The first guest writer in this new series on The Flash Fiction Offensive is Edward A. Grainger. I was honoured that he accepted my invitation and the following story was written especially for the magazine.
Most of you will know Edward A. Grainger as David Cranmer. He has a blog called The Education Of A Pulp Writer and he's also the editor of the fantastic Beat To A Pulp. I've known David for around eighteen months and he certainly is one of the good guys!
The following story features Mr Grainger's character, Cash Laramie. So, without further ado...
The Outlaw Marshal by Edward A. Grainger.
Mason Doig slapped four aces on the table, chuckling as his opponents' eyes rolled white. All three men folded their cards and threw them down. He wiped the winnings toward him with the crook of his arm and then stacked the coins in several neat piles.
“I’ll be…I’ll be…you’re one lucky bastard, Doig,” Teeth said grinning ear to ear. Doig made Teeth’s acquaintance earlier that day and took an instant shining to the simple, chatty hombre.
“Too lucky,” the chap seated across from Doig mumbled as his money found a new home. Doig’s eye slanted cold and hard at the tall, square-jawed gambler wearing a Stetson pulled low, his vibrant blue eyes barely visible from under the brim, and a cheek full of tobacco.
“You got something to say?” Doig snapped, rolling the ends of his Dragoon mustache between his calloused fingertips. What the hell is your name anyway, stranger?”
“Stranger will do fine.” The answer was bitter with hostility.
“Whoa … hold on, boys,” the fourth player, Sparks, interjected. “This is a sociable game. No need to turn ugly.” The barrel-chested man wiped his brow with the back of his sleeve. “I’ve been watching Mr. Doig and, as a professional, can vouch he’s dealing legit.”
Stranger huffed and Teeth hastily added, “What were we jawin’ ‘bout anyway, Sparks?”
“Yeah, yeah, that’s right,” Teeth said. “The outlaw marshal. You feel he’s after you, Doig?”
Doig’s hardened stare twitched from Stranger to his newly found bootlicker. “Ain’t no feel about it, I know.”
“He threaten you or something?” Sparks asked.
“Never even met the badge toter but word reached me in the hoosegow that he claimed Territorial Prison was too good for me and the beatings I took on a regular basis in that god-forsaken shit-hole was paid for by him.”
“What'd you do to end up in Territorial?” Sparks asked.
“Ain’t done nothing.” Doig shuffled the cards as he spoke. “I was wrongly accused of lynching a nigger. Imagine we live in a day and age when even if that was true I could be sent up.”
“Why would this marshal make it his business?” Teeth said.
“Turns out he’s a half-breed Injun and slave lover to boot. Shit, I hear he wears an arrowhead ‘round his collar and partners with a black marshal.” Doig's eyes were drawn to the leather thong on Stranger’s neck and whatever dangled from the end was concealed under his shirt. A chill washed over Doig.
“I’ve heard of this Cash Laramie,” Sparks said. “Heard he gunned down a father and son in Macyville a few summers back—”
“—because someone shot an Injun friend of his,” Teeth interrupted, pounding the table with his fist. “I heard that. Hey, didn’t he clean up that Masked Devil business in Pleasance? And something with that locomotive.”
“The Sundown Express.” Sparks snapped his fingers. “Yep, he killed a bunch of banditos holding a train-full of hostages. Saved Lillie Langtry’s life and got a medal from the President.”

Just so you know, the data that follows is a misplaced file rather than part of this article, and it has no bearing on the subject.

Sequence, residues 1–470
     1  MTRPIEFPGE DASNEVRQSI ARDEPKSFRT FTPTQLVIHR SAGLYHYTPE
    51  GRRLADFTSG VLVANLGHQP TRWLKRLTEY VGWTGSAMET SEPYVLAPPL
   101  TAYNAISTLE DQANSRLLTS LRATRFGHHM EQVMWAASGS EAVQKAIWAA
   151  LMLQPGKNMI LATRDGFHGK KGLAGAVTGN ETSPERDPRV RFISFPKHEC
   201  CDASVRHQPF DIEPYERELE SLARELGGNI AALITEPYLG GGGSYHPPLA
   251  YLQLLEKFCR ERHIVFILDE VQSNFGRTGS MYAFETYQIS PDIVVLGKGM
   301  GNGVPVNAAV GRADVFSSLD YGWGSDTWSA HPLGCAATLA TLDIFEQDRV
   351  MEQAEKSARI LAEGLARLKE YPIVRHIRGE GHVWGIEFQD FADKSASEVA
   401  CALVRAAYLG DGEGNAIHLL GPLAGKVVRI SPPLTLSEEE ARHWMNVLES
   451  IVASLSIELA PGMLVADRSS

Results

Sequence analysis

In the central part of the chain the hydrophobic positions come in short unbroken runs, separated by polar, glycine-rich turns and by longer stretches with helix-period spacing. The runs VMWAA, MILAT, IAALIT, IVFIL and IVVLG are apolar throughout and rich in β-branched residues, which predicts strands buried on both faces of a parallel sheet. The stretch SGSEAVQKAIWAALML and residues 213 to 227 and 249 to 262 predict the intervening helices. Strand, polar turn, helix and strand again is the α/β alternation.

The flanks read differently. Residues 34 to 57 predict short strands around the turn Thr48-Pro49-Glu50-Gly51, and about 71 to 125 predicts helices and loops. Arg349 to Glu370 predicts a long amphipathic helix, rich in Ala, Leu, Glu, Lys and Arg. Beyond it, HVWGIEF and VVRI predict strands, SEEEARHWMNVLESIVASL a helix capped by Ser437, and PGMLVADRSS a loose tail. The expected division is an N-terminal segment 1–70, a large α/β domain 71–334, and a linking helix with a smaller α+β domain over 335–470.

“Are we here to play cards or join the Cash Laramie Fucking Admiration Society?” Doig sneered.
“Play cards,” Stranger said.
Doig raised a brow at Stranger and shifted uneasily in his chair. He dealt another series of pasteboards, his gaze fixed on the man across from him.
He'd come to Dodge because the city's marshal was known to keep a lid on violence and it seemed safer to hide in plain sight rather than having a loco lawman gunning for him in the hills. If his growing suspicions turned out to be true—that this stranger was the avenging lawman—surely the man would think twice before putting a bullet through him around here.
But maybe he was just imagining Cash Laramie was after him. Though he couldn't shake the sensation that he had a constant shadow mirroring his every move since he was released from Territorial.
The batwing doors flew open, squeaking loudly on a rusty hinge, and the ex-con jumped.
“Easy now, Doig, easy,” Teeth said, slapping a reassuring hand on Doig's shoulder. “Just a cowpuncher.”
Doig followed the newcomer who crossed the wooden floor where he joined the Long Branch Saloon’s curvaceous, red-headed owner. Dammit, he was dead beat and could use some sleep. One more round. He dealt lazily from the bottom of the deck and knew right away he’d fucked up.
Stranger’s eyes widened. “You God-damned cheat!” He kicked his chair back, standing.
Sparks tipped sideways out of his seat and scrambled across the floorboards looking for cover.
Teeth stood straddle-legged, facing Stranger. Both men bolted for their pistols. The Stranger’s Remington spoke first, pushing lead into Doig’s shoulder and shoving him back against the wall, his outstretched hand punching a gas lamp into darkness. Stranger’s iron flashed sideways to Teeth but the wide grinning player dropped low and to the right, pumping out two slugs from his Colt that burrowed into Stranger’s upper chest. The man clutched his torso with his left hand and stumbled backward onto another card table, expelling his last breath as he scattered cards, glasses, and money.